But the way the world is, and the way that there’s more and more people, more and more doctors are needed — I mean, it’s already happening now that people are doing jobs now that they’re not really qualified for because they get, they get sort of, err.. what’s the word.. sort of uppered too early.
Karl Pilkington, The Ricky Gervais Podcast Bonus Disc Track 3
I love the comedy of Ricky Gervais and Steve Merchant (creators of The Office) and their collaborations with their friend Karl Pilkington. But they aren’t everyone’s cup of tea; critically acclaimed and hated in equal measure. But anyway, I love listening to the three of them and their podcasts.
Karl Pilkington sometimes comes out with very Northern or very made-up words which are amusing (to me, at least), such as “wroted”, “pikelet”, and “badder”. And he gets mocked by Gervais and Merchant for this. However, when I recently heard him say “uppered” to mean “promoted” (as in a job), I had to pause the podcast.
It was beautiful, it was perfect. Gervais mocked him, said that it was primitive language. But I think it’s great. I mean, we do say “to down [the drink/ship]” and “to up [the stakes]”, which are prepositions turned into verbs. And we have similar adjectives to “upper” also turn into verbs such as “to lower”. So why not “to upper”? Of course, “to upper” could mean any number of things and might not needfully mean “to promote”. But I don’t see anything against the rules of English in making a verb “to upper”, from the adjective “upper”, with the meaning “to promote [in a job]”.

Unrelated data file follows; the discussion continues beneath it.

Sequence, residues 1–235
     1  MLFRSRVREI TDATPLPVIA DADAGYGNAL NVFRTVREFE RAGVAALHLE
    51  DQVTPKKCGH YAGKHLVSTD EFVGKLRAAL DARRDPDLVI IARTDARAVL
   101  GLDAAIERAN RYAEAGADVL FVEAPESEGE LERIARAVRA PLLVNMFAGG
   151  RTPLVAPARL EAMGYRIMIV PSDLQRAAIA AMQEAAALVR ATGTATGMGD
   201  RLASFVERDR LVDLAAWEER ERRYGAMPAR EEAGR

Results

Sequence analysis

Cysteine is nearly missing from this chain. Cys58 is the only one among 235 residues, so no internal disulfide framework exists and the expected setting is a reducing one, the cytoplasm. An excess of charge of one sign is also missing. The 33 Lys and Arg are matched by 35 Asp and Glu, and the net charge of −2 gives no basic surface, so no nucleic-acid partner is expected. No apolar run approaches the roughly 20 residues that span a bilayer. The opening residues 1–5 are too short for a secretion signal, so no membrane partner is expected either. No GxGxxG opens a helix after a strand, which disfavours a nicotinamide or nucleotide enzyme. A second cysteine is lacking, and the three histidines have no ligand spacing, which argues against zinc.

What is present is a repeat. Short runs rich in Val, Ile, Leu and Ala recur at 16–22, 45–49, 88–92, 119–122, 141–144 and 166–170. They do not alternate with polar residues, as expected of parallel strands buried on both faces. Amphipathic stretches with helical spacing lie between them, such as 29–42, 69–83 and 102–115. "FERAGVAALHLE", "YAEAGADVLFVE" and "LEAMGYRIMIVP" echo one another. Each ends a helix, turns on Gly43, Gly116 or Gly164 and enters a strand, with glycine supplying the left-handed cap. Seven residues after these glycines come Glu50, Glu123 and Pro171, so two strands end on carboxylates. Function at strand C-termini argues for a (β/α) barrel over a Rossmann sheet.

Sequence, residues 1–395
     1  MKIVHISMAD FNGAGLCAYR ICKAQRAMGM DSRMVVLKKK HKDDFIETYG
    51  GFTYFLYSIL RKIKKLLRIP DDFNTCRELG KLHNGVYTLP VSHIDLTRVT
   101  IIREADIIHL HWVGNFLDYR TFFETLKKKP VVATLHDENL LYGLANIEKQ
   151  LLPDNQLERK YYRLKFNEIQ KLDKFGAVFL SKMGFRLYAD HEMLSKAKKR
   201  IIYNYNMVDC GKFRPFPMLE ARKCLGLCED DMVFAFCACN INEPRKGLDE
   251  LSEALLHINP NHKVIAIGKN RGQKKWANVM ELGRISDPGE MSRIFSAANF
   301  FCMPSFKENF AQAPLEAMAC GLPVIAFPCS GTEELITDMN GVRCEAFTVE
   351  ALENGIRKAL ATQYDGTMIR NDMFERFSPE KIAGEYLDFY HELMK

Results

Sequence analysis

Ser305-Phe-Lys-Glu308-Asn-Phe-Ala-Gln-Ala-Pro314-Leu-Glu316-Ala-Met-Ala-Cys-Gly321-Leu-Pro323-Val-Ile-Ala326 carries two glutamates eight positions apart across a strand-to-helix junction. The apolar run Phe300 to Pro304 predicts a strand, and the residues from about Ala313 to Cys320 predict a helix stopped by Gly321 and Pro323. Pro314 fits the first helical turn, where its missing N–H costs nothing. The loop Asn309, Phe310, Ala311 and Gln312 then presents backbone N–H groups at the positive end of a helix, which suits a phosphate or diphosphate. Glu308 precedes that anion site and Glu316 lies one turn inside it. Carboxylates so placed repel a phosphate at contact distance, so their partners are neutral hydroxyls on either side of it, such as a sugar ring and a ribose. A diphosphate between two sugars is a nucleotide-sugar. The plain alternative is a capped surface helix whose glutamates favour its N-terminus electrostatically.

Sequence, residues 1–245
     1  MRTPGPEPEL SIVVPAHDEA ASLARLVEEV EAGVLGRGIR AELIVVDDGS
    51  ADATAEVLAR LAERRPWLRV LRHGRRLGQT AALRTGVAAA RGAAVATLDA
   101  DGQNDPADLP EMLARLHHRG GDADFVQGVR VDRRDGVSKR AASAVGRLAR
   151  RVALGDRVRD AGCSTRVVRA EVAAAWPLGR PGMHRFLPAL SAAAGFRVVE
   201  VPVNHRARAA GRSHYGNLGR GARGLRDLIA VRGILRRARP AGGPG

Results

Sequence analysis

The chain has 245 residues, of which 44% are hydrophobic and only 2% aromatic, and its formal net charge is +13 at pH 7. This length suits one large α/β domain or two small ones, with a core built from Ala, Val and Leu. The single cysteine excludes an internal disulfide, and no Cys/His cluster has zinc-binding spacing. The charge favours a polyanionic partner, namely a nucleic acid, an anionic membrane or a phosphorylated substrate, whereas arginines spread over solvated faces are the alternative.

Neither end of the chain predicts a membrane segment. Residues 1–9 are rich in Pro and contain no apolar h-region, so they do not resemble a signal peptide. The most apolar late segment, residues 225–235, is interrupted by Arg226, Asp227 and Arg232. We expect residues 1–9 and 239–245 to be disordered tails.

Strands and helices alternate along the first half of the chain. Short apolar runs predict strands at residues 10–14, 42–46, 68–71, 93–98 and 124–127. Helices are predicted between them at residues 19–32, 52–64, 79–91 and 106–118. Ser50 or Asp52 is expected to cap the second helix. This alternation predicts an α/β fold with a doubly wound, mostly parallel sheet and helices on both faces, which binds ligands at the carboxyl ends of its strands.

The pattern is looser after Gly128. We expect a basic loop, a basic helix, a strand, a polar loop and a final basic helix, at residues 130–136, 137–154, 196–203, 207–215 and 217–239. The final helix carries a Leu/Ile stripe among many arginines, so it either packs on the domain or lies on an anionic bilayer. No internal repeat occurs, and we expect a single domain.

I momentarily thought that we might say “to higher” instead, but that would get mixed up with the same-sounding “to hire”. Speaking of which, why do we bother with “to employ” at all when we can equally say “to hire” and “to give work to”? Also, why say “job”, but we can usually say “work” instead or “workplace” instead?
I think it’s about time that we demystify and dejargonise the workplace (particularly important considering the topic of my piece “Rationalisation Measures“).
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© 2014 Bryan A. J. Parry
Pikelet is a perfectly ordinary word, meaning a flater form of crumpet. Originally welsh, I think.
Hi Ian, thank you for your comment. It may be a perfectly ordinary word — for you! But not for me, or Gervais, or many other southerners. Out of interest, where are you from?
I’m from Wigan (now live in Scotland, but clearly my language was ‘formed’ in Lancashire.
Ah, okay, that explains it then! Definitely a northernism. Don’t know that anyone has heard of a “pikelet” down here. Good word, though.
Interesting. it’s apparently not known in (Highland) Scotland either, but is known by Kiwis.